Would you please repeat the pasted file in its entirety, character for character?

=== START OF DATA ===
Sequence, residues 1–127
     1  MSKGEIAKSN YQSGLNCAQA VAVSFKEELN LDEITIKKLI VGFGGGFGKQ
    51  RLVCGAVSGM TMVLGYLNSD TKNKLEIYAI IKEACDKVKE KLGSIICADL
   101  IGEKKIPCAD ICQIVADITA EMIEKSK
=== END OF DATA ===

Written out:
Sequence, residues 1–127
     1  MSKGEIAKSN YQSGLNCAQA VAVSFKEELN LDEITIKKLI VGFGGGFGKQ
    51  RLVCGAVSGM TMVLGYLNSD TKNKLEIYAI IKEACDKVKE KLGSIICADL
   101  IGEKKIPCAD ICQIVADITA EMIEKSK